FigoNo network limitations, 30-day money-back guarantee if you don’t like their service, voted one of the best insurance for pets in 2021Has an enrollment examPlans average at $1.50 per day
Healthy PawsNo.1Customer-Rated 2010 – 2021

No maximum annual or lifetime payouts.

Most claims are processed within two days


Not for older pets$40 basic plan


Additional Costs of Bloodhound

Professional Grooming

Because Bloodhounds have a dense coat, constant brushing is essential to eliminate loose hair. Brush and floss your pet’s teeth every day. Basic services include bathing, clipping, and nail care, from $40 to $75, depending on your location.

Pet sitting and Boarding costs

If you must leave your Bloodhound at home while you travel, consider hiring a dog sitter to keep an eye on your pet. As an extra service, they may walk your dog twice daily. If you cannot care for your companion due to lack of time, dog boarding options are available. This might cost $30 to $50 each night, depending on the area. A dog sitter will charge roughly $25 per hour for a big dog like a Bloodhound. If you want to take your Bloodhound on vacation, you’ll need to budget between $120-$200 for one-way flight costs.

Dog walking

Bloodhounds demand a lot of physical activity. Keep in mind that these canines were bred to hunt in groups. If you don’t give it enough exercise, it’ll get sick, sad, and maybe even misbehave. A 30-45 minute walk with a large breed dog like a Bloodhound is estimated to cost $35.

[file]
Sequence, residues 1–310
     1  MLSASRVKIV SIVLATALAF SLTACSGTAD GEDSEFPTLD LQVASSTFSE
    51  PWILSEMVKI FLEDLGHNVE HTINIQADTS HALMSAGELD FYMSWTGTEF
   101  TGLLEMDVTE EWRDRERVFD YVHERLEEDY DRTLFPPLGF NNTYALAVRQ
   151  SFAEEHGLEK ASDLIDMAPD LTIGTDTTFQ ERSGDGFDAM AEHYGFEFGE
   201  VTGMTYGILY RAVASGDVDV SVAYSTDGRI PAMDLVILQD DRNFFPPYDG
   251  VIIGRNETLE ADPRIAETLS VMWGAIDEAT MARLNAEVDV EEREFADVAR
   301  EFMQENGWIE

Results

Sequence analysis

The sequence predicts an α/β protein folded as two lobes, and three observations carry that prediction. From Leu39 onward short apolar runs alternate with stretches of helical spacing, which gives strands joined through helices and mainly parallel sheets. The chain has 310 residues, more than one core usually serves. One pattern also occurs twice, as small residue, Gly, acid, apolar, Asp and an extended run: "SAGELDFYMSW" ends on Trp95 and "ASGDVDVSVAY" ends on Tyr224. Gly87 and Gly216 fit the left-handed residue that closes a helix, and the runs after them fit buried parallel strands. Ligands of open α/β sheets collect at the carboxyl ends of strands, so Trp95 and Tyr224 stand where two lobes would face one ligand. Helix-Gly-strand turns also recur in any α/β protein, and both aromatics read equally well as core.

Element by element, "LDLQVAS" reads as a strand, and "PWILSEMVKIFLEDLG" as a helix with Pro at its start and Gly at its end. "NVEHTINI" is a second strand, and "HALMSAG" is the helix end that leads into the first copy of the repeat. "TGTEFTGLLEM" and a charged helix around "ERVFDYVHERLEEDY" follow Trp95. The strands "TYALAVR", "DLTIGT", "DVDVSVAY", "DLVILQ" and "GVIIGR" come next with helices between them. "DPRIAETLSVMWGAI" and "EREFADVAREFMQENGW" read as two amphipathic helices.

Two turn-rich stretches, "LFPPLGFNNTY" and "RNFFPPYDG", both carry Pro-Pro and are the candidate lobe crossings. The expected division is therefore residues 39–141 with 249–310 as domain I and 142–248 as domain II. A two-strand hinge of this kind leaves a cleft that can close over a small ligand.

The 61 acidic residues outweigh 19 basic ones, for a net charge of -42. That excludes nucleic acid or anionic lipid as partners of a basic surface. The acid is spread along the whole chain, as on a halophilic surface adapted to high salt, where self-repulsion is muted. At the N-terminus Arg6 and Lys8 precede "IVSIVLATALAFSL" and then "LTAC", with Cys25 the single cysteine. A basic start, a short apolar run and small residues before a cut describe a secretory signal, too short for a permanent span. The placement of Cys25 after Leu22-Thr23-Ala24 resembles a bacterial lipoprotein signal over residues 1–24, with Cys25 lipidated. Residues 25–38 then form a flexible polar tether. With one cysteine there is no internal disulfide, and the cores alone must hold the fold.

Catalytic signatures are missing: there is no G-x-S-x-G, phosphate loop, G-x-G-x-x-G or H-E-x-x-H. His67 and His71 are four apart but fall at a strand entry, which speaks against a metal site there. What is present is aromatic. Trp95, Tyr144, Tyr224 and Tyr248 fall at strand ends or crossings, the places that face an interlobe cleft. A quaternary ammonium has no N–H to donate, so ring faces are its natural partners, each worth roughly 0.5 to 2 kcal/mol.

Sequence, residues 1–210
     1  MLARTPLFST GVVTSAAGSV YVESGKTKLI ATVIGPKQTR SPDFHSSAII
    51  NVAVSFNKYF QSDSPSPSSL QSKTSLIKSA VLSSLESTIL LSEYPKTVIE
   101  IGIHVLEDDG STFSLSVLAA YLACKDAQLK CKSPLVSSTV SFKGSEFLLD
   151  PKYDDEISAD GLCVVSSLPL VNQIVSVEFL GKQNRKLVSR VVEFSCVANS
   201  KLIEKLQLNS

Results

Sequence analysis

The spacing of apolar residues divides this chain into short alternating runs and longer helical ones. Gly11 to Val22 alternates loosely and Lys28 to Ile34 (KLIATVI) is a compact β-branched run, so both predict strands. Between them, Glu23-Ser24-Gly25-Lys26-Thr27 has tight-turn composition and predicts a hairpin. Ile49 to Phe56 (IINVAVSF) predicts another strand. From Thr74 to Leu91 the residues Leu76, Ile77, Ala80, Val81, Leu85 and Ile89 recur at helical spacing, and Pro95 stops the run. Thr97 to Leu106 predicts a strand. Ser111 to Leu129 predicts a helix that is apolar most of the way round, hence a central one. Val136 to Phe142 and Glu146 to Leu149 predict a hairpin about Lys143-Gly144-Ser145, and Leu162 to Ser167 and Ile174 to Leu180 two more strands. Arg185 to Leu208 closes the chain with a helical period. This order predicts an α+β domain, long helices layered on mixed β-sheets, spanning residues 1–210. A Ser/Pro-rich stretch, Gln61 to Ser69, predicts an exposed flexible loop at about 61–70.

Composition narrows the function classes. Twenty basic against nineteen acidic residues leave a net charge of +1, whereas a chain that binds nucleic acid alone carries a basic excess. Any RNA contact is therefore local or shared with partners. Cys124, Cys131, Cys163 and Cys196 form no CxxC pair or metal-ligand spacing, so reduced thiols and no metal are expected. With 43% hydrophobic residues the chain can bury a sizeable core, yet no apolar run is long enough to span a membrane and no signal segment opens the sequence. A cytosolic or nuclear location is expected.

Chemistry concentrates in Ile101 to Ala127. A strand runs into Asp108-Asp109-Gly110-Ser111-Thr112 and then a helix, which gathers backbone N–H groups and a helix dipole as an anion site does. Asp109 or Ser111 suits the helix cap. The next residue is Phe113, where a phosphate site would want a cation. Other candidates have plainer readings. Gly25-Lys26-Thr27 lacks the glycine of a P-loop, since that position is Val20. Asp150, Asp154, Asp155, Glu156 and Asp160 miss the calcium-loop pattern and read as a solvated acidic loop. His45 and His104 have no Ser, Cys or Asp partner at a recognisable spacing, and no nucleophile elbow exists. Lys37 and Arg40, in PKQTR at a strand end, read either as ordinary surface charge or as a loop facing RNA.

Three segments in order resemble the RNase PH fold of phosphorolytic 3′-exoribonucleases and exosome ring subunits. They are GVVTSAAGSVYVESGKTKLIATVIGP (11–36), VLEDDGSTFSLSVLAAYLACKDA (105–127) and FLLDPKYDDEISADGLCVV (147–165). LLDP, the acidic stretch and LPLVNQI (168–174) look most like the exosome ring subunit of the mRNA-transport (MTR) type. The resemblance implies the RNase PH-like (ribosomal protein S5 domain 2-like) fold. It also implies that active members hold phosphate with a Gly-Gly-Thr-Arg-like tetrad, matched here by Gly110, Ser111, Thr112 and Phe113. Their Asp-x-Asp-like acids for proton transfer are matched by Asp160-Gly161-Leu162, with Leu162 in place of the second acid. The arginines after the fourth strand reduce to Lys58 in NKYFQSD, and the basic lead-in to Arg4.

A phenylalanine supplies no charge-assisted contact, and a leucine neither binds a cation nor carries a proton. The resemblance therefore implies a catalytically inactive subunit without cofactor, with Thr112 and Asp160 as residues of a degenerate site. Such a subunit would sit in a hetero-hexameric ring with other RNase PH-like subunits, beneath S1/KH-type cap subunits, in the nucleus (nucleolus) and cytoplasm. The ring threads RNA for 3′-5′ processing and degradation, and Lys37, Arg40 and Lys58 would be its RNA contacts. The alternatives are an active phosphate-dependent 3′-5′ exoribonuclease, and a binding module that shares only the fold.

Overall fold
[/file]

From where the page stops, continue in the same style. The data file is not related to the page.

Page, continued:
Key Takeaways – How Much Does a Bloodhound Cost?

Bloodhound cost summary

First-year cost

You may anticipate spending at least $2000 on this gorgeous dog in its first year. This does not include the initial capital purchasing price. This costs an extra $500-$1200. Rare Bloodhounds fetch up to $5500 from breeders. The first year’s cost covers immunizations, frequent checkups, supplies, and spaying/neutering.

Depending on size, proper Bloodhound food might cost up to $200 per month. Budget for unexpected vet bills and extra toys, food, and other purchases. Depending on the scenario, the vet treatment might cost up to $300 per visit.

Annual costs

After the first year, the cost of yearly Bloodhound care may surpass $1000 per year. It also covers unexpected vet bills, flea and tick treatments, four-yearly deworming, feeding, and treatment charges.

Lifetime costs

Bloodhounds live 8-10 years. As a result, after the first year, spending $1000 a year for the rest of their lives will amount to more than $11000. If your Bloodhound develops health problems in old age, the expenditures of caring for him or her might soon rise. Therapy and hospitalization will also cost you at least $2000 each year on average. Pet insurance may help you save on these expenses. So go ahead for insurance.

We hope this extensive information helps you plan and budget for your Bloodhound’s arrival.